A second private bill, containing more protections for religious protections and conscientious objection, is being pushed by conservative coalition MPs, many of whom campaigned for a "no" vote.
Almost eight in 10 Australians who received the Australian Bureau of Statistics same-sex marriage survey form have already had their say.
Liberal senator James Paterson is to introduce bill that would override any anti-discrimination laws passed by state and territory level legislatures.
A rival bill from Liberal senator James Patterson was withdrawn, with the Victorian saying a majority of senators believe the Smith bill "is where we should start".
Any changes the lower house makes to the bill would need the approval of the Senate.
The motion details that Thursday's debate on the bill "shall have precedence over all general business until not later than 6pm". While the freedom to have religious beliefs is also protected unconditionally, the manifestation or expression of those beliefs or religion may be subject to limitation where it impacts upon other fundamental rights'.
The debate will continue the week of 27 November, with amendments reserved for that week.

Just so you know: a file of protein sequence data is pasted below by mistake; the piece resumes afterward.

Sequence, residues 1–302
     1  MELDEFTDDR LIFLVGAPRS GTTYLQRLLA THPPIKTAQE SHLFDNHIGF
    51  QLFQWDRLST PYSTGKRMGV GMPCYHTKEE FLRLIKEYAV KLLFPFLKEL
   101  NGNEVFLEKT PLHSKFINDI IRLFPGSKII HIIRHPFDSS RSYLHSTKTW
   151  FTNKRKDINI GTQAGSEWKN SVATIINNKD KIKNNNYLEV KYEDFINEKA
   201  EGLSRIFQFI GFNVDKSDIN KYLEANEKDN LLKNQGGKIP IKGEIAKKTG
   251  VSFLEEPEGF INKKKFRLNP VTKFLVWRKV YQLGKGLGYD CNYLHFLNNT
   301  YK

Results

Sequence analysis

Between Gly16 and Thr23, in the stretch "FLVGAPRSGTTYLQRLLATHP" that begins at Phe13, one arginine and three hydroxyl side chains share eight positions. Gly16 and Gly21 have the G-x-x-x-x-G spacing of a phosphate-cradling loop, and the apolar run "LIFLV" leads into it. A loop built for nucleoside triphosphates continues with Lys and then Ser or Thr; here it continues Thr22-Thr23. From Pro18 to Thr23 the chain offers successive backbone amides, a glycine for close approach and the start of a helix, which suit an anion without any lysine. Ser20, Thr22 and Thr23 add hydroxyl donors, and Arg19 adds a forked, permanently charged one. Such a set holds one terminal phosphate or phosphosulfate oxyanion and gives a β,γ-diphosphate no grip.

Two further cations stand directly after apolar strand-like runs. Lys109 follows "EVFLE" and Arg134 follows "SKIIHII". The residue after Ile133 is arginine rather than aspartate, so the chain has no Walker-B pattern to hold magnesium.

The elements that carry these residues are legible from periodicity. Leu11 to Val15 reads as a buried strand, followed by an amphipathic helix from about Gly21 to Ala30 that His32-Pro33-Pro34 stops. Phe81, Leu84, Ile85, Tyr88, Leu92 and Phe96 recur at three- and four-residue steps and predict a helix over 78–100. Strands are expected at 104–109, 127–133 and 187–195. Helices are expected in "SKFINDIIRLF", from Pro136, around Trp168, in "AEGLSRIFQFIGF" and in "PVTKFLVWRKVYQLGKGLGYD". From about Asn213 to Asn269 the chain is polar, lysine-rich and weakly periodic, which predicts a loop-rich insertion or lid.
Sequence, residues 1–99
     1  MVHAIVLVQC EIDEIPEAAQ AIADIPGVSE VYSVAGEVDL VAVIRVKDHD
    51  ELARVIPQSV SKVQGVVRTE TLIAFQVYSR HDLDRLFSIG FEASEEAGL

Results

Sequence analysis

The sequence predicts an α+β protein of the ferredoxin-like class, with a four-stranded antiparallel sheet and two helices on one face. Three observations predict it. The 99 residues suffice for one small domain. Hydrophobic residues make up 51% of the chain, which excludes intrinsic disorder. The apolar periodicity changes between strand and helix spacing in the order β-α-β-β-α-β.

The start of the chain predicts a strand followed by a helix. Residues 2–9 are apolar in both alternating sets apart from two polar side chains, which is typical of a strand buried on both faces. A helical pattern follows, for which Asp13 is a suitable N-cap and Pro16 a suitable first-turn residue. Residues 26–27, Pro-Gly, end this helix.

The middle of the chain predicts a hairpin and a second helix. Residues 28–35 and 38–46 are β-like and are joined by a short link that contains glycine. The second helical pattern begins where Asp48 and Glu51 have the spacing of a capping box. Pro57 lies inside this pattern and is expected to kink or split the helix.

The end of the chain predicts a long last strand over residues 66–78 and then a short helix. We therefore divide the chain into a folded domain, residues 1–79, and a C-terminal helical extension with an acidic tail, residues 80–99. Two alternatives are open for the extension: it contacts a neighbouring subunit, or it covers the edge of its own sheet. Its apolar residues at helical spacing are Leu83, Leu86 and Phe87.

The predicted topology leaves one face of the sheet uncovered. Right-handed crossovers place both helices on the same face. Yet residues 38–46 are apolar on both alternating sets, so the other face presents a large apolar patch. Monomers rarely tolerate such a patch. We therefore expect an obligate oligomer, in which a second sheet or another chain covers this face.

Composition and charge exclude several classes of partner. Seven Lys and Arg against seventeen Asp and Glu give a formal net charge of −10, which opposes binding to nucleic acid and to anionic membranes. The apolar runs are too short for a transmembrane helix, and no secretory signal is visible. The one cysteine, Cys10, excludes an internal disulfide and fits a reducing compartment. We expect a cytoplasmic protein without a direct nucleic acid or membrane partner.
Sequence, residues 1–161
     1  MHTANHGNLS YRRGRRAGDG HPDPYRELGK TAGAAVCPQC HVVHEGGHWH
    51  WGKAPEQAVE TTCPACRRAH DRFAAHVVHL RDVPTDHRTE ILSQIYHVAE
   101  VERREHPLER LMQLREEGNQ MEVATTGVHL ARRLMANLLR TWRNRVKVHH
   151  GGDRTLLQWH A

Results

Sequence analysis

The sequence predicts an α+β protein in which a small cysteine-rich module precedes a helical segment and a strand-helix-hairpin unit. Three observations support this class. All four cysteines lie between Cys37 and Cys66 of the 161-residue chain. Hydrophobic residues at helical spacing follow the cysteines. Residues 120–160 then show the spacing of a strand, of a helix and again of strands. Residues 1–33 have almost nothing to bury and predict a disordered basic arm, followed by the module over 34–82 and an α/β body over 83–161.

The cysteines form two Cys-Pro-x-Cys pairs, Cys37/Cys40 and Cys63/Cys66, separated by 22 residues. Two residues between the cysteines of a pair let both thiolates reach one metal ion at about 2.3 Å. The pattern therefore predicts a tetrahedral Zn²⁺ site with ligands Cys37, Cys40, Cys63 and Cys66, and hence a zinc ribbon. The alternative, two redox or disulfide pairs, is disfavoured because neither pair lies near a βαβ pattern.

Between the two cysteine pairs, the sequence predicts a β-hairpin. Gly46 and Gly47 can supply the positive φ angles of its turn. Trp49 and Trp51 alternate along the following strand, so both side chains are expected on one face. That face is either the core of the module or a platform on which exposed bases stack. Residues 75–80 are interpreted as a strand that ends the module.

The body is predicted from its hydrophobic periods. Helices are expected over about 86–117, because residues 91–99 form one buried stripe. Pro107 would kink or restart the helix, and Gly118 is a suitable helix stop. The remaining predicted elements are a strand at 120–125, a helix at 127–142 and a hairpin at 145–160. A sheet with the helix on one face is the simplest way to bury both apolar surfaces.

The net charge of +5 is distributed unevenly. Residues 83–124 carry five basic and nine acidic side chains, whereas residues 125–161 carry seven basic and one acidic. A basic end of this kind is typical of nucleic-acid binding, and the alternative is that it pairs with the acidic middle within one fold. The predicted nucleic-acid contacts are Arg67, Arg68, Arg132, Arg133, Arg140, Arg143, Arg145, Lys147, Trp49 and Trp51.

"There won't be a government position, there won't be a party position", Senator Cormann said.
Liberal senators Linda Reynolds and Jane Hume, Labor's Penny Wong and Louise Pratt, the Greens' Richard Di Natale and Janet Rice, Skye Kakoschke-Moore from the Nick Xenophon Team and Derryn Hinch all signed the motion with Smith.
"I will now work constructively with my parliamentary colleagues over the coming weeks on amendments to ensure that the strongest possible protections for the freedoms of all Australians are enshrined in the final legislation", he said.
In a further rebuke, he said while parliamentarians would be entitled to put forward and debate amendments, he believed ideas such as Senator Paterson's "would have virtually no prospect of getting through the Parliament".
Education Minister Simon Birmingham also voiced concerns.
Senator Smith's bill, which has cross-party support, contains provisions so that ministers of religion could not be forced to conduct same-sex marriages.
Earlier, at a rally in Melbourne, Shorten promised: "Today we celebrate, tomorrow we legislate".
'That's the goal, ' Prime Minister Malcolm Turnbull vowed ahead of the Australian Bureau of Statistics announcing on Tuesday which way more than 12 million people voted on the issue.
Western Australian Senator Dean Smith is expected to introduce his Marriage Amendment (Definition and Religious Freedoms) Bill 2017 to Parliament later Wednesday.
The Human Rights Law Centre said Paterson's bill was "a Trojan horse to allow unprecedented discrimination".